Business

Algorithmic Trading In Python Using Open Tools And Open Data - Episode 216

Summary

Algorithmic trading is a field that has grown in recent years due to the availability of cheap computing and platforms that grant access to historical financial data. QuantConnect is a business that has focused on community engagement and open data access to grant opportunities for learning and growth to their users. In this episode CEO Jared Broad and senior engineer Alex Catarino explain how they have built an open source engine for testing and running algorithmic trading strategies in multiple languages, the challenges of collecting and serving currrent and historical financial data, and how they provide training and opportunity to their community members. If you are curious about the financial industry and want to try it out for yourself then be sure to listen to this episode and experiment with the QuantConnect platform for free.

Announcements

  • Hello and welcome to Podcast.__init__, the podcast about Python and the people who make it great.
  • When you’re ready to launch your next app or want to try a project you hear about on the show, you’ll need somewhere to deploy it, so take a look at our friends over at Linode. With 200 Gbit/s private networking, scalable shared block storage, node balancers, and a 40 Gbit/s public network, all controlled by a brand new API you’ve got everything you need to scale up. And for your tasks that need fast computation, such as training machine learning models, they just launched dedicated CPU instances. Go to pythonpodcast.com/linode to get a $20 credit and launch a new server in under a minute. And don’t forget to thank them for their continued support of this show!
  • And to keep track of how your team is progressing on building new features and squashing bugs, you need a project management system designed by software engineers, for software engineers. Clubhouse lets you craft a workflow that fits your style, including per-team tasks, cross-project epics, a large suite of pre-built integrations, and a simple API for crafting your own. With such an intuitive tool it’s easy to make sure that everyone in the business is on the same page. Podcast.init listeners get 2 months free on any plan by going to pythonpodcast.com/clubhouse today and signing up for a trial.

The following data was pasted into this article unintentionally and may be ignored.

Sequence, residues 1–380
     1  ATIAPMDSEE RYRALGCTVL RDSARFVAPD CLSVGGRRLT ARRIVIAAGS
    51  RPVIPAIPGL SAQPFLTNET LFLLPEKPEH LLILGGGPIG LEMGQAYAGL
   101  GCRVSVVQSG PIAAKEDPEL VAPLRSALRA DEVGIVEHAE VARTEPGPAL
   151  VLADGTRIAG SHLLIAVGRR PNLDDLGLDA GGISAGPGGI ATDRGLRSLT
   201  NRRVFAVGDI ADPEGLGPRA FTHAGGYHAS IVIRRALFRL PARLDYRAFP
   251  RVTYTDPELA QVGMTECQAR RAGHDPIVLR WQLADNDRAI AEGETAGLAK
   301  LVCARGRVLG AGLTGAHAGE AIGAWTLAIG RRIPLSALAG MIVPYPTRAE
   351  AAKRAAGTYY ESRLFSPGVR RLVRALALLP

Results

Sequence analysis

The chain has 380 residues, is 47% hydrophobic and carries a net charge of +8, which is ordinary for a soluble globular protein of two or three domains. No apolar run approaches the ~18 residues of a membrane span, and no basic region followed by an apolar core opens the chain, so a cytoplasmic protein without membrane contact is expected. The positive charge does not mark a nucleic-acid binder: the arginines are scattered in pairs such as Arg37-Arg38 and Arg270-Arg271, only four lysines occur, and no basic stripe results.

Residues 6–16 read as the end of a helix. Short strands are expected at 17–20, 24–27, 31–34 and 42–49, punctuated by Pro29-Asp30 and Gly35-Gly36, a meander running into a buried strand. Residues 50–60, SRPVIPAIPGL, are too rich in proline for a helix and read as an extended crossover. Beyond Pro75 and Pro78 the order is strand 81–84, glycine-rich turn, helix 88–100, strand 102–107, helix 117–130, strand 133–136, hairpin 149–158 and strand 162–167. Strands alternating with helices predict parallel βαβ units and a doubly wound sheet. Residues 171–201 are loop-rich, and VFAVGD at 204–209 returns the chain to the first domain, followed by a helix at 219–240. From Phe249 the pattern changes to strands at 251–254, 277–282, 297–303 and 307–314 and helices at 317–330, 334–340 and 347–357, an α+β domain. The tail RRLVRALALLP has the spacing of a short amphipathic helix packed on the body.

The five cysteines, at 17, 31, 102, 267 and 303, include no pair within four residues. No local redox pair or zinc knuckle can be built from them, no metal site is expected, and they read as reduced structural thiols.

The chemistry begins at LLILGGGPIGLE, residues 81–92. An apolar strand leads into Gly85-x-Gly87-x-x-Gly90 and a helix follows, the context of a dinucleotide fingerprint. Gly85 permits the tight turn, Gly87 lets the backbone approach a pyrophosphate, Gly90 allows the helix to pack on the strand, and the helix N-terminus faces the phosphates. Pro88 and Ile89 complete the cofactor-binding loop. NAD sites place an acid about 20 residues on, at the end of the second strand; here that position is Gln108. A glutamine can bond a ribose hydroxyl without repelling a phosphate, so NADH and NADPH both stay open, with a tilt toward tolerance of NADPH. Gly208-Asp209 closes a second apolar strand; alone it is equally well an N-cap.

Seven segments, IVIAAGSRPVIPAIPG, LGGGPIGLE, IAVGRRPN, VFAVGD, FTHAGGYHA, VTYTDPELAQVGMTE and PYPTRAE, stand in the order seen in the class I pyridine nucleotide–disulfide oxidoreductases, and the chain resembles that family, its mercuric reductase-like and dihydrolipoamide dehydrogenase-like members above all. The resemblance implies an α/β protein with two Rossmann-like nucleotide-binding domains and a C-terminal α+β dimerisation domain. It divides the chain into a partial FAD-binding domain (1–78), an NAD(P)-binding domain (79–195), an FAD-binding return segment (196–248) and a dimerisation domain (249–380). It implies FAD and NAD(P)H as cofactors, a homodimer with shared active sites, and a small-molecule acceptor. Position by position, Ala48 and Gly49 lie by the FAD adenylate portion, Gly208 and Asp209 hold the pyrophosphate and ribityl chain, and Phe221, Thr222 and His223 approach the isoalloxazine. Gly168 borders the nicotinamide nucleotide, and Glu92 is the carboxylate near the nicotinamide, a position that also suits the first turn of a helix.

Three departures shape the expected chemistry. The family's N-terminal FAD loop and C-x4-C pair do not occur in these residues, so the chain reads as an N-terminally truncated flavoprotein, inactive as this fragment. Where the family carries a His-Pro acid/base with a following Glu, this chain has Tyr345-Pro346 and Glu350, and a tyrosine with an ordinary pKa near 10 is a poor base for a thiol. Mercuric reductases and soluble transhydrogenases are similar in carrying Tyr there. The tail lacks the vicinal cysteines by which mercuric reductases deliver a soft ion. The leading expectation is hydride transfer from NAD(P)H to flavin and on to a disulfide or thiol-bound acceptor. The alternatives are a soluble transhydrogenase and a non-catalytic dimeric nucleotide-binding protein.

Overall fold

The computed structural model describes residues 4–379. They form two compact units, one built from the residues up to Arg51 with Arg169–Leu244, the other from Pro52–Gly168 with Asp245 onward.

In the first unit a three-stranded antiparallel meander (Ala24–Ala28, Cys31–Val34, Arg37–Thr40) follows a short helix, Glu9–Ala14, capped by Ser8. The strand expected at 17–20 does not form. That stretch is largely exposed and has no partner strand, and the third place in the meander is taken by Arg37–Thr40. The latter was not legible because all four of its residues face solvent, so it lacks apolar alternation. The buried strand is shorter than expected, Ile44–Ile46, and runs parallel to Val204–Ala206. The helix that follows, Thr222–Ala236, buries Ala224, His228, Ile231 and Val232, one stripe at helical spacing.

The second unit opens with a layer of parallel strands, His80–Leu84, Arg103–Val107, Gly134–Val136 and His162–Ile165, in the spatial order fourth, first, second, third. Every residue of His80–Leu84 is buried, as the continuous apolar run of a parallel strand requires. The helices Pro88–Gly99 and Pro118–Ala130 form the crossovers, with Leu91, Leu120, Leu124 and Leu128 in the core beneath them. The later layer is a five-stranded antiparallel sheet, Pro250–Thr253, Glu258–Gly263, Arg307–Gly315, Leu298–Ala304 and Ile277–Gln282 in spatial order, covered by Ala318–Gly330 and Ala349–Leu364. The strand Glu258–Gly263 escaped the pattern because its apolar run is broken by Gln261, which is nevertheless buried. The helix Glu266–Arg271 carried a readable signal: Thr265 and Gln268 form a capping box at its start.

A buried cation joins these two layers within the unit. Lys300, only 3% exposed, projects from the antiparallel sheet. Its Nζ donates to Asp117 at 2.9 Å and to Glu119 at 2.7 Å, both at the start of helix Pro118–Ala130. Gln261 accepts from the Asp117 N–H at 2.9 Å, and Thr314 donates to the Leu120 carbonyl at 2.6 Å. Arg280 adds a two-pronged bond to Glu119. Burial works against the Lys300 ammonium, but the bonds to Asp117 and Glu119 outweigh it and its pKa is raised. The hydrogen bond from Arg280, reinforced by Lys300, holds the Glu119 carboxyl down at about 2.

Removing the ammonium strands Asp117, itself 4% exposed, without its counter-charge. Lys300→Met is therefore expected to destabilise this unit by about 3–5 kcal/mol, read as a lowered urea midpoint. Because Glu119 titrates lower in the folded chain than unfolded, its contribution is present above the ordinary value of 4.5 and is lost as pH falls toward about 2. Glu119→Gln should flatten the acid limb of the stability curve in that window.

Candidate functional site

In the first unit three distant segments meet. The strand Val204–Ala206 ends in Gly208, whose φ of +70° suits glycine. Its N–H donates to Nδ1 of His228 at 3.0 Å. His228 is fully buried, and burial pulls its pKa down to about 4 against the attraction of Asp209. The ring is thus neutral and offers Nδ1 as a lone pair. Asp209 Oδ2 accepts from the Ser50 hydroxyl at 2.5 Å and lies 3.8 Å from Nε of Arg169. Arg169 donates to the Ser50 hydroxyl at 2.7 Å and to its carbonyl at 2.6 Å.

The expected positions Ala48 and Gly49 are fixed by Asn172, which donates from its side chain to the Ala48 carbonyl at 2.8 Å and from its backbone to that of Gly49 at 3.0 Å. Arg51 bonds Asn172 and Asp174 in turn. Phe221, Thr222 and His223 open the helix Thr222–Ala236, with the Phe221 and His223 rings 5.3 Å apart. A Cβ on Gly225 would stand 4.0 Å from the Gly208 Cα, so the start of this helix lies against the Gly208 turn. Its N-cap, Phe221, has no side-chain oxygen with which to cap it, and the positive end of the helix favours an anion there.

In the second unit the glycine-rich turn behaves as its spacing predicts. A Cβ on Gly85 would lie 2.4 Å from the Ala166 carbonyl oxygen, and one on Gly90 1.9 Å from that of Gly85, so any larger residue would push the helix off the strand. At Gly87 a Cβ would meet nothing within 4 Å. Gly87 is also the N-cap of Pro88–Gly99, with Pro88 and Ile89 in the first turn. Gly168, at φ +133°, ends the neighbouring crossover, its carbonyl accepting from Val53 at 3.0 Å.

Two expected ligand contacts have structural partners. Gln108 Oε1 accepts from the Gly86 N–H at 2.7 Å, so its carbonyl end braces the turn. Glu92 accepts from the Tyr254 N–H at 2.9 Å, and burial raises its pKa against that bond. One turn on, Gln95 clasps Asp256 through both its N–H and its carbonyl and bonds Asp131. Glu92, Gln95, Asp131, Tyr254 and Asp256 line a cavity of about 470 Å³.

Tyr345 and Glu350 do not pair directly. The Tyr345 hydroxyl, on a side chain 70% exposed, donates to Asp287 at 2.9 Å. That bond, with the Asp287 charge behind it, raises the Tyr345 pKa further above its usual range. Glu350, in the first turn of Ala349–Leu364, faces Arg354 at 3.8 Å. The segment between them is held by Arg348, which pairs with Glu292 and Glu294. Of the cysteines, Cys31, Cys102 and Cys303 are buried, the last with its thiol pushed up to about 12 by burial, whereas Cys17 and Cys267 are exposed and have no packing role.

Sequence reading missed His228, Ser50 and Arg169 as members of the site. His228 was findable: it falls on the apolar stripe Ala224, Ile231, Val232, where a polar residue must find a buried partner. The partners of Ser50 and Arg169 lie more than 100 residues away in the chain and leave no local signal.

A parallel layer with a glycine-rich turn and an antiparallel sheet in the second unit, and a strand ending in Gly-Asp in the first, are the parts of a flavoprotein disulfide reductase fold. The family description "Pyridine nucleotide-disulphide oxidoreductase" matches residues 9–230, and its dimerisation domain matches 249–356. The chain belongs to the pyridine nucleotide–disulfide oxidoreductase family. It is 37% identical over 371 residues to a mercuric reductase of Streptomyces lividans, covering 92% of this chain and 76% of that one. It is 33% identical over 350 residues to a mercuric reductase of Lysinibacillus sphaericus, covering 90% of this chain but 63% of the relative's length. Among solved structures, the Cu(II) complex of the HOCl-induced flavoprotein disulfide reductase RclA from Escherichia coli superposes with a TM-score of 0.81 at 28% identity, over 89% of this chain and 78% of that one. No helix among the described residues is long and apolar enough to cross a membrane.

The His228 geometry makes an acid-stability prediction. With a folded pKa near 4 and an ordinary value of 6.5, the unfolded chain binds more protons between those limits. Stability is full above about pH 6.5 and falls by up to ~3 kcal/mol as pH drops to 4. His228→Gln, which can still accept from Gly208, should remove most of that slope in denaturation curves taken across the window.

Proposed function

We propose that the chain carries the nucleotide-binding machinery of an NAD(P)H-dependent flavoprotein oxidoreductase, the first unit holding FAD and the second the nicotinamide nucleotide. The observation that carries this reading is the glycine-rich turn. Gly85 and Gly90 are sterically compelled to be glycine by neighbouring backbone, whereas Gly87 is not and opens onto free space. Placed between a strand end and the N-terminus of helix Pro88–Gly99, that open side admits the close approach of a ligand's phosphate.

• You listen to this show to learn and stay up to date with the ways that Python is being used, including the latest in machine learning and data analysis. For even more opportunities to meet, listen, and learn from your peers you don’t want to miss out on this year’s conference season. We have partnered with organizations such as O’Reilly Media, Dataversity, and the Open Data Science Conference. Coming up this fall is the combined events of Graphorum and the Data Architecture Summit. The agendas have been announced and super early bird registration for up to $300 off is available until July 26th, with early bird pricing for up to $200 off through August 30th. Use the code BNLLC to get an additional 10% off any pass when you register. Go to pythonpodcast.com/conferences to learn more and take advantage of our partner discounts when you register.
  • The Python Software Foundation is the lifeblood of the community, supporting all of us who want to run workshops and conferences, run development sprints or meetups, and ensuring that PyCon is a success every year. They have extended the deadline for their 2019 fundraiser until June 30th and they need help to make sure they reach their goal. Go to pythonpodcast.com/psf today to make a donation. If you’re listening to this after June 30th of 2019 then consider making a donation anyway!